Asashoryu, the yokozuna who won the New Year’s basho (tournament) with a 13-2 record, has always been a bit of a bad boy. He caused an uproar for playing soccer in his native Mongolia while on a break from wrestling. I can’t remember whether this tempest in a teapot was because he was risking injury while indulging in this frivolous pursuit or because he was supposed to be already injured and getting caught playing soccer was akin to someone on workman’s comp getting caught playing tennis when he was supposed to be in traction.

Anyway, speaking of the right stuff or the lack thereof, after the last basho Asashoryu went too far. Maybe it was because despite winning the basho, he lost to his arch-rival, fellow Mongolian yokozuna Hokuko for the 8th straight time. He ‘allegedly’ got drunk and got into a fight with some civilian, breaking the poor shnook’s nose in the process. The Japanese Sumo Association is one of the most hidebound and conservative entities in Japan – and that’s saying a lot because hidebound and conservative to establishment Japan is like rainy to Vancouver. And the JSA forced him to resign from sumo as a consequence because he had disgraced the rank of yokozuna.

But, as a student of Japan I would have to say ‘fair enough’. There is really nothing else they could have done because he really had gone too far. Forcing him to resign was a cultural imperative.

Popular sentiment in Mongolia, is that Asashoryu was forced to resign because he was getting too close to Taiho’s all-time record of 32 basho wins – and that the Japanese couldn’t stand to have a foreigner own that record. There is a precedent for that, unfortunately. In the ’80s, Randy Bass, an American who played for the Hanshin Tigers in the Japanese professional baseball league, was closing in on Sadaharu Oh’s all-time single-season home run record. The Tigers’ last game was against the Yomiuri Giants (the New York Yankees of Japanese baseball) the team that Oh had played for throughout his entire career and then gone on to manage, and the Giants refused to pitch to Bass or to give him a legitimate shot at the record. He was intentionally walked every time at bat – an incident that, for my money, will live in infamy longer than Pearl Harbour. The irony is that Oh’s father was Taiwanese so, by Japan’s own citizenship laws of the time, he wasn’t actually Japanese himself . . .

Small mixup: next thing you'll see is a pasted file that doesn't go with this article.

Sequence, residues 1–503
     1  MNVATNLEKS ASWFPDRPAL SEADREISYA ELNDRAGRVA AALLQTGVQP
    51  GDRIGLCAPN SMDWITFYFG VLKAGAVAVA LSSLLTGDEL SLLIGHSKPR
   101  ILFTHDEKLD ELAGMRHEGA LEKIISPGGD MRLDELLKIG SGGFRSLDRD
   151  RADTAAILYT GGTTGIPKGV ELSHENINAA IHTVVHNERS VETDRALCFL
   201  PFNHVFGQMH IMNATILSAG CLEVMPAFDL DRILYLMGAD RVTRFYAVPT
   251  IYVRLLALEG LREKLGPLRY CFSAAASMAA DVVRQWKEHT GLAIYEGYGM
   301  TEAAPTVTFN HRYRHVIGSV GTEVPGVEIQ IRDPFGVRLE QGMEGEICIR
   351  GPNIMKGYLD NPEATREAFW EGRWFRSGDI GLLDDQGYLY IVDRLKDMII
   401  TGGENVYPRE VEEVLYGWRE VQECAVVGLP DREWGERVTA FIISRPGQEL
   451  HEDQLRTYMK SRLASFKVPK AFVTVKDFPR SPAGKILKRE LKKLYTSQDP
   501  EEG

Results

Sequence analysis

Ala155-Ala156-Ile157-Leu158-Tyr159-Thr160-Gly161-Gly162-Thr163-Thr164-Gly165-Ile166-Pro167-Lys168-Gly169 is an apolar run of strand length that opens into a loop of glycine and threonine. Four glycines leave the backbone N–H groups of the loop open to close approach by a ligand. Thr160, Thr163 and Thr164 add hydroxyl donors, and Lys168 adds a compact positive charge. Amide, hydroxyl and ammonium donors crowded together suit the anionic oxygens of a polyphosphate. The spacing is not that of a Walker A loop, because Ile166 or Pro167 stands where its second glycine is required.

This time, however, I’ve got to side with the Japanese. I think they (the Japanese) have come a long way from the days of Randy Bass and Konishiki. Taiho’s record may be sacrosanct (rumour has it that yokozuna Chiyonofuji was also forced to retire after he’d reached 29 basho wins on the pretence that he could no longer wrestle at the level required of a yokozuna. From the sidelines, he still looked pretty formidable to me).

So Asashoryu was not a victim of racism, he was the victim of his own lack of class and the Japanese cultural imperative that people take responsibility for their actions with public acts of contrition. I know that cultural imperatives are difficult to export, but if any Western politician is listening, the cultural imperative to actually take responsibility for one’s actions, would be a great import to start with.